In 2009, Davison celebrated his 20th year in business. The anniversary marked an important milestone in the growing company’s history and saw the most new product and package designs hit retail shelves in one year. He also began plans to expand his vision to the entertainment industry.
Also in 2009, author Judy Wearing devoted an entire chapter to Davison in her book, Edison’s Concrete Piano. The revealing book details the successes and struggles of Davison and 15 other inventors, including Thomas Edison, Leonardo da Vinci, Henry Ford, Alexander Graham Bell and Jerome Lemelson.
In April of 2010, Davison accepted a position to the board of I 2 E (Idea to Execution), which oversees the annual Innovation Competition sponsored by Suffolk University in Boston. Also in 2010, Davison’s Inventionland was featured in The Sun, the biggest-selling newspaper in the UK! The daily tabloid, which averages a circulation of nearly 3 million copies a day, described the incredible design facility as a “Fairytale-style HQ” and a “wonderful workplace.”
Starting off 2011, Davison-designed products were featured on ABC’s Good Morning America and in the upscale In the Company of Dogs catalog. Inventionland was featured in Luxury and Top Design magazine as one of the most creative workplaces in the world, and in May, won the inaugural CRIB (Creative Rooms In Business) Award at the Pittsburgh Technology Council’s third-annual Design, Art & Technology Awards, held to recognize the region’s best and brightest in creativity, innovation and technology. To close out the year, Davison’s Inventionland was featured on a one-hour HISTORY special.
In 2012, Davison made several appearances on Lifetime’s The Balancing Act, where he showcased client inventors and their products. He also welcomed the Fox Business Network to Inventionland and launched a YouTube webisode series called “Dare to Invent.”
The Small Business Community Association gave Davison the 2013 Best of Business Award for Pittsburgh. The same year, Davison opened a satellite office in Florida, various Davison-designed pet products appeared on the DIY Network and Davison was featured in Popular Mechanics’ “The World of Tomorrow” article.
In 2014, Davison celebrated 25 years in the invention industry with products in over 1,200 stores and online retailers. Davison was named a Rotary International Paul Harris Fellow, he appeared as an expert guest judge on the Emmy-award winning Steve Harvey show and Inventionland became an international sensation when it appeared on hit Arabic TV show “Khawatir.”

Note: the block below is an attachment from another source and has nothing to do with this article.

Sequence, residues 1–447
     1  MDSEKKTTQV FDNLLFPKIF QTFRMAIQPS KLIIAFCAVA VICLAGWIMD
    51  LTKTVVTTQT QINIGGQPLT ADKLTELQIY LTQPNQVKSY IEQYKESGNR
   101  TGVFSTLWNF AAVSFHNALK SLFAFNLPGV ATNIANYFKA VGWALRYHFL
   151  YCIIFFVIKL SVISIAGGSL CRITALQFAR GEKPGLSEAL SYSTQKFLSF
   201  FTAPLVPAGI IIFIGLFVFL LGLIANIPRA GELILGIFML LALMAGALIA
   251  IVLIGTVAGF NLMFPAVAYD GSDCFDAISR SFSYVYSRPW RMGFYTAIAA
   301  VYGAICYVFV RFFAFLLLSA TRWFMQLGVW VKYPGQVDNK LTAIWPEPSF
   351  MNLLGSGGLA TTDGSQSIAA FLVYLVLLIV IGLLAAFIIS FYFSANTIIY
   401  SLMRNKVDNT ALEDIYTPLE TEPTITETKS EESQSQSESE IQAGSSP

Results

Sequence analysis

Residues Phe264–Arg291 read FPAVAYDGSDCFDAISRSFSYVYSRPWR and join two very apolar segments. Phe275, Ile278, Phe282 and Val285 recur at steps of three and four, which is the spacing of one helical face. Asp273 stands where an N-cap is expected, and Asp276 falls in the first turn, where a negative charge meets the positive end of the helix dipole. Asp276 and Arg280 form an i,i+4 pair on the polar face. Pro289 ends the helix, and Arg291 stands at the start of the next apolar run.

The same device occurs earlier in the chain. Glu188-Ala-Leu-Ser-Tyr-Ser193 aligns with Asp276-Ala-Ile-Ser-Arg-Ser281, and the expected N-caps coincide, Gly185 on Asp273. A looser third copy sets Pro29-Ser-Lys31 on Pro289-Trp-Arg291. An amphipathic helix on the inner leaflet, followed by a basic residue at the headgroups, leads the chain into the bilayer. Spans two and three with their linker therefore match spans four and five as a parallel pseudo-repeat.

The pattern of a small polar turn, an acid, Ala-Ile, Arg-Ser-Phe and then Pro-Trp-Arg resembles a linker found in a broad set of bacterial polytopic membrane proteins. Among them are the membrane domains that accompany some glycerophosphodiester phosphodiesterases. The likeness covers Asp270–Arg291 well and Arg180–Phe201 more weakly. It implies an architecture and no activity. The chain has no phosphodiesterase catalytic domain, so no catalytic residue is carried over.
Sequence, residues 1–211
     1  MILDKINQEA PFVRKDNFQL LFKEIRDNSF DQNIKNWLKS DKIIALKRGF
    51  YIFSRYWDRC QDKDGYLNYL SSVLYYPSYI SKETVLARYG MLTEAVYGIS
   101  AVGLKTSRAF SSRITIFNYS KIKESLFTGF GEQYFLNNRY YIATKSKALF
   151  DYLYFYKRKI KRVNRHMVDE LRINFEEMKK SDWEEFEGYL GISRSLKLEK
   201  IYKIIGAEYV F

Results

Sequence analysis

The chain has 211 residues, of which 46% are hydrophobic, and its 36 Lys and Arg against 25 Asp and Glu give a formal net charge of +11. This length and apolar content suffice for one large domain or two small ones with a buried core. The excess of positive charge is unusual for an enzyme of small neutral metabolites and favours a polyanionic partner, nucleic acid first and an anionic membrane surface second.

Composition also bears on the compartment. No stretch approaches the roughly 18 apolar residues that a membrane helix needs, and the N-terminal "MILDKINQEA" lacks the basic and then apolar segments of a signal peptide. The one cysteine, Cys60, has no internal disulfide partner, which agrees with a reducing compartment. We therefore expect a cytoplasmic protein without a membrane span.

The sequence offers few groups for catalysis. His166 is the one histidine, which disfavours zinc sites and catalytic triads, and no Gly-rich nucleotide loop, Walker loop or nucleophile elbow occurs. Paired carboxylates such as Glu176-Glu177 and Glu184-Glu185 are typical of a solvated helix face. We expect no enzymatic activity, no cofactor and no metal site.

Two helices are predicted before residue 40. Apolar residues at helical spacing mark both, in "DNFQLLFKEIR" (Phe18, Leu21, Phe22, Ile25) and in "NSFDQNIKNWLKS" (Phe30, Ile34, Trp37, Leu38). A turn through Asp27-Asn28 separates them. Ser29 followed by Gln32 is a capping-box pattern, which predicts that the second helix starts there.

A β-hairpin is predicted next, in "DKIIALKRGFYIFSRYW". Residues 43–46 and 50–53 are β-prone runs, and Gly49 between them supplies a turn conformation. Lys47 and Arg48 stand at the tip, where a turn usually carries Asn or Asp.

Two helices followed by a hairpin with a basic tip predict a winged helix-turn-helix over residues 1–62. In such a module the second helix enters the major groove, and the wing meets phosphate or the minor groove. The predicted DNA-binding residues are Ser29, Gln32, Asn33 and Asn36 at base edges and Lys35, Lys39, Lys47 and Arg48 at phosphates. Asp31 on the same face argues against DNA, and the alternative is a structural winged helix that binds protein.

2015 was a huge year for Davison products. There were multiple TV appearances that included NBC’s TODAY Show, Fox & Friends and QVC. The world’s leading video and ecommerce retailer continues to showcase Davison’s designs to this day.
In addition to all of his creative accomplishments, Davison also was a top professional paintball player. He helped to pioneer the sport, joined professional leagues that took him across the globe and ranked as a top player world-wide. His team even won the World Cup, European Cup and every other major cup event held in the world.
Davison also combined his passion for playing paintball with his passion for inventing. Recognizing a need for improved equipment, he designed and brought new paintball products to market that would continue to move the sport forward. Though he has since retired from his paintball career, Davison’s contributions continue to impact the sport.
Even Davison’s family emanates the inventive spirit. His wife and three children encourage his inventiveness, as does he with them. He is involved in his church’s youth ministry, his local high school’s activities and political fundraising events.
Today, Davison’s community outreach has expanded to the educational sphere, where he is encouraging the innovators of the future. In fact, he’s taken his proven inventing method and developed it into interactive coursework that prepares young innovators with the Science, Technology, Engineering and Math skills necessary to develop their own new product ideas.
Needless to say, George Davison’s story continues to unfold.